In the case of open data and open government, we tend to see for example a lot of claims about, sort of, hey, it’s great this information is online people are going to use it. But one of the early challenges that we encountered was, say, well those who can actually use it and do something with it are a very limited and niche segment of the population…The raw data—the raw information that’s there—is in such a form that people don’t know what to do with it or how to manipulate it. So on the one hand, yes, it’s open data the information is there, on the other hand, great, it’s there but what do I do with it if I don’t have the computer savvy or the statistical skills to deal with the information that’s there? So those are those sorts of gaps and complexities that I’m interested in.

Geothink.ca: How does your work relate to Geothink’s research goals and what do you think of the partnership?

Paré: Great question. Geothink relates to this for me in the sense of the open data, open government aspect of it. I had come to this project, Geothink, sort of as an outsider. For me, Geothink, very early on before I knew very much about it was oh, you know, you’re talking about geographical information systems. Which I’ve since learned we’re moving well beyond that. So for me, the issue in terms of Geothink and Geoweb, it fits into issues of open data, open government and clearly the geo part sort of entails a locational element in terms of locational types of data.

Tweet your ideas on this interview to Daniel Paré @DJ_Pare

If you have thoughts or questions about this interview, get in touch with Drew Bush, Geothink’s digital journalist, at drew.bush@mail.mcgill.ca.

Geothoughts 2: The Meaning of Open Government and the Role of Citizens with Daniel Paré

In our second Geothoughts podcast, we discuss the promise and peril of open government.

In our second Geothoughts podcast, we discuss the promise and peril of open government.

By Drew Bush

In our second edition of Geothoughts, we’re excited to bring you an interview with an expert in the issues that arise with innovations in information and communications technology. Daniel Paré is an Associate Professor in the Department of Communication at University of Ottawa. You can also subscribe to this podcast by finding it on iTunes.

In this interview, we explore how Canada’s Action Plan for Open Government 2.0 focuses too much on the technological side without emphasizing the need for open government across the entire Canadian government information environment. In particular, Paré discusses his views on open data and what the evolving role of the engaged citizen might be.

Thanks for tuning in. And we hope you subscribe with us at Geothoughts on iTunes. A transcript of this original audio podcast follows.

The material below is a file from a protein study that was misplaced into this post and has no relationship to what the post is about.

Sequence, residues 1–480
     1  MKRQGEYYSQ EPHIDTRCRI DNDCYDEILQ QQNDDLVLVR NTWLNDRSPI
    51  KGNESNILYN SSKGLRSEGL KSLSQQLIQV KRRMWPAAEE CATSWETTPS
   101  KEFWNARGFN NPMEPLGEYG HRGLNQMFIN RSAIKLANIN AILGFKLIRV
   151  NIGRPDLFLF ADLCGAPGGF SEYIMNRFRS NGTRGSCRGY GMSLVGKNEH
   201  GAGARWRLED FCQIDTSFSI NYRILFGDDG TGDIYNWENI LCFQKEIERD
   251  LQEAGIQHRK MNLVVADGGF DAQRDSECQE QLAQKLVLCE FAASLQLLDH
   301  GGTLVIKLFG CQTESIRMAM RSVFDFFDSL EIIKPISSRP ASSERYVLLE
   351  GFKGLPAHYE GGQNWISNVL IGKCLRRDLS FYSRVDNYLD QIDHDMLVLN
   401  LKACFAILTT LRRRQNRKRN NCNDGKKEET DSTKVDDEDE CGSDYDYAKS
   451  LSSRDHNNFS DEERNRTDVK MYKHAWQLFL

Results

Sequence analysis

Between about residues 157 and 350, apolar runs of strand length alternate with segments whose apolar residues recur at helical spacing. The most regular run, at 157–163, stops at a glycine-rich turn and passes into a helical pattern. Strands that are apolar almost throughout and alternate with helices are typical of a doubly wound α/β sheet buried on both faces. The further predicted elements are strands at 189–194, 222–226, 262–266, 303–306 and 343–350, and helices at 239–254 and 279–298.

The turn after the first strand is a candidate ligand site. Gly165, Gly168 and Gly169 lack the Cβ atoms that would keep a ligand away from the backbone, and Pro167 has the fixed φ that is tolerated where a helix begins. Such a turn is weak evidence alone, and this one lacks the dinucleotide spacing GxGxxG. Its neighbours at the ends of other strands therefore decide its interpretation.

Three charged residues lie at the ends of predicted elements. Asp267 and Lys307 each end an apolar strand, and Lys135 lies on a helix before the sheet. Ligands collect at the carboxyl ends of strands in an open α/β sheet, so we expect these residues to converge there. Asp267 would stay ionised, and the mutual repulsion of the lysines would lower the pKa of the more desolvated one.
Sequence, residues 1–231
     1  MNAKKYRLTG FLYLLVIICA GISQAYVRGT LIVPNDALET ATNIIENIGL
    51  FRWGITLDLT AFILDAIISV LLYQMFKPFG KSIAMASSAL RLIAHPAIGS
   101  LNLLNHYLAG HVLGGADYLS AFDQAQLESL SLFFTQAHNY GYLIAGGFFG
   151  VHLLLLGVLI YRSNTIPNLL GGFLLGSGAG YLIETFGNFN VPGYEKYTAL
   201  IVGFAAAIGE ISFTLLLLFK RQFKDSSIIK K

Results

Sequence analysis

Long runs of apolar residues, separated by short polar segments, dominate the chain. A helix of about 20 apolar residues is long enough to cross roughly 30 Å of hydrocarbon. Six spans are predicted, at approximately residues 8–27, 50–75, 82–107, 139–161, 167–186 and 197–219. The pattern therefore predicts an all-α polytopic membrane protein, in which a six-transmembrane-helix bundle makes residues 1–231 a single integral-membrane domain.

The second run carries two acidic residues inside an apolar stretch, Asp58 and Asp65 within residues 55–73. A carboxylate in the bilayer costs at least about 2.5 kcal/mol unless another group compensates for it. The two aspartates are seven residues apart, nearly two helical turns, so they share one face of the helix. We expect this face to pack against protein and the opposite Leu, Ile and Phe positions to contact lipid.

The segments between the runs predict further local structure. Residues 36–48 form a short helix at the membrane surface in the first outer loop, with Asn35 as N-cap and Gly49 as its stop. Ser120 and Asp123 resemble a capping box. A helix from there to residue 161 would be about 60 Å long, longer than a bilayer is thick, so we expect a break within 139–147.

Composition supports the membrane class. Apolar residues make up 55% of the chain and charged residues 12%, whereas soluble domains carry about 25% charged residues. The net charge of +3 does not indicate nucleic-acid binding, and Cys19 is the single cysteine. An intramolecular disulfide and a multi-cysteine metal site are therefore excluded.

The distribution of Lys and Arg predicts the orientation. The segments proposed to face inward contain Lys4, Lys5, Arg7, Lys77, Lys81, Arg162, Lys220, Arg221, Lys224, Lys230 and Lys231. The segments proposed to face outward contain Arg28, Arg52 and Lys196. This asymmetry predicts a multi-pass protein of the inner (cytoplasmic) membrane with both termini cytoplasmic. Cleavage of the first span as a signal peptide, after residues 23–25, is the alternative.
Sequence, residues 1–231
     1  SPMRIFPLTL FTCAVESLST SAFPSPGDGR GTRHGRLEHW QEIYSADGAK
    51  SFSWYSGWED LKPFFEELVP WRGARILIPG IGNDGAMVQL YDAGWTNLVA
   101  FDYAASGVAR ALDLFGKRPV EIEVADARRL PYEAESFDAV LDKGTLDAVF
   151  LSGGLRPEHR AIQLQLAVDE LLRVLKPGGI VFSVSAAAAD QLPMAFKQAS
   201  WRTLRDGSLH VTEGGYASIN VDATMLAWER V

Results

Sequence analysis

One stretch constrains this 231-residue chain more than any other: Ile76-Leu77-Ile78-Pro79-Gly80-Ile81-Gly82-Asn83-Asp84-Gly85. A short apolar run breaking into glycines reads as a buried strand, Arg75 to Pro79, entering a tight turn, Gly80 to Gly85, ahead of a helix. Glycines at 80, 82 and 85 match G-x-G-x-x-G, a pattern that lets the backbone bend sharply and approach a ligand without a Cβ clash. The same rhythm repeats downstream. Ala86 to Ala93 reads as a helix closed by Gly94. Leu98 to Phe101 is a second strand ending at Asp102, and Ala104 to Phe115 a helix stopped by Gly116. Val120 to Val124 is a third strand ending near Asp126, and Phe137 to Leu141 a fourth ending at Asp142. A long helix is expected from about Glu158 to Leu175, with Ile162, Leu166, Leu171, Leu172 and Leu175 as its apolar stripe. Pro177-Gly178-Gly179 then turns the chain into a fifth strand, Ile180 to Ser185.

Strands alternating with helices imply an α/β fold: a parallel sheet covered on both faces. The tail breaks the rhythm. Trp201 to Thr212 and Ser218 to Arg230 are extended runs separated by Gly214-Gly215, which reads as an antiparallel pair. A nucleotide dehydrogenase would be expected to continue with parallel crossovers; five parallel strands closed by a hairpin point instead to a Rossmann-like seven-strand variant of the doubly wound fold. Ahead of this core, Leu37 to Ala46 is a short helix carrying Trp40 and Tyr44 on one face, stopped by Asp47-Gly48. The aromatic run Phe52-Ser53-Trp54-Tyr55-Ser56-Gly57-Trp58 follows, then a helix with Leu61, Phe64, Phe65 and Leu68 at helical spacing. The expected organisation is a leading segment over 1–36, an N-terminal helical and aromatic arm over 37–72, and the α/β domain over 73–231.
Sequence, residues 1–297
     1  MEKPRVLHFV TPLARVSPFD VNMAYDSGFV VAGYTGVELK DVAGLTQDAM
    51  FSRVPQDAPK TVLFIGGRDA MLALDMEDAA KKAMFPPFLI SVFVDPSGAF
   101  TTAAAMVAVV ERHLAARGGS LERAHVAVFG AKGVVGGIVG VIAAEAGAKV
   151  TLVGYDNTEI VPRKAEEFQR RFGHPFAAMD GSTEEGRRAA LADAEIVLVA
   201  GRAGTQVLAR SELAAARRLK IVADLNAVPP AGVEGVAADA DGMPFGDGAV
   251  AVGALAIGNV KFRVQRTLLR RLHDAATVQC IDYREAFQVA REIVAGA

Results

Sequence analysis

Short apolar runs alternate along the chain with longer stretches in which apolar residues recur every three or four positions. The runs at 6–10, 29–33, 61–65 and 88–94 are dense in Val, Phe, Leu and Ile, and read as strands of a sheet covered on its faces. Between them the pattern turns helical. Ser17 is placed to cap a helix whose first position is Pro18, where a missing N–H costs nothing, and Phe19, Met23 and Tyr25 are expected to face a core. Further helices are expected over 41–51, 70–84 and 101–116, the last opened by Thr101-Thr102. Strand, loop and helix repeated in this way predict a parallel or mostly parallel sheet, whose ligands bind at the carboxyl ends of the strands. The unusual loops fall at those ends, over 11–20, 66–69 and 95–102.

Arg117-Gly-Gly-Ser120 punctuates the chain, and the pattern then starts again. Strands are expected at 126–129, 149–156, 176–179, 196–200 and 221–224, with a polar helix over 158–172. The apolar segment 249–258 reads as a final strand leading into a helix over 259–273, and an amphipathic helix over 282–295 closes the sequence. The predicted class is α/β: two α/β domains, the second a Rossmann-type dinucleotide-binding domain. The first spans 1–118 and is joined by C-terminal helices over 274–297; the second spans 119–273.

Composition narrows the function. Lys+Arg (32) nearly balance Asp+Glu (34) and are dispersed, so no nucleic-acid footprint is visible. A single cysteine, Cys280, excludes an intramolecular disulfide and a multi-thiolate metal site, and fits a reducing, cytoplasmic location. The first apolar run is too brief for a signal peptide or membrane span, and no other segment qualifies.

TRANSCRIPT OF AUDIO PODCAST

This week we ask the opinion of an expert in the issues that arise with innovations in information and communication technologies about Canada’s Action Plan for Open Government 2.0 and the role of open data. Daniel Paré is an Associate Professor in the Department of Communication at University of Ottawa.

[Geothink.ca theme music]

Welcome to Geothoughts. I’m Drew Bush.

For Paré, open government has much less to do with the technological aspects of the portal being emphasized in the Action Plan than whether the idea has transcended the technological issues to include all aspects of governance.

“What we need to do—what people need to do—is clearly distinguish between when we are talking about open government are we talking about the data platform and the portal. Or are we talking about the idea of open government being government-wide in terms of the policies that are in place, in terms of the whole information environment, if I can call it that, that includes the platform but that transcends it?”

If implemented with the whole information environment in mind, he argues, the idea of open government has the potential to democratize and make transparent Canada’s government. However, such a step requires more than data being made available online.

“One of the weaknesses with that point is that you know when you look at the information available online, one of the things you increasingly see is that it’s actually quite difficult for the average individual like you or me to actually do something with those datasets unless we have some pretty advanced understandings of computers and standards and how to do stuff with that.”

A Geothink researcher, Paré specializes in social, economic, political and technical issues arising from innovations in information and communication technologies (ICTs) in developing and industrialized countries. In particular, his research examines e-commerce, Internet governance, information and communication policy, e-government, and knowledge networks.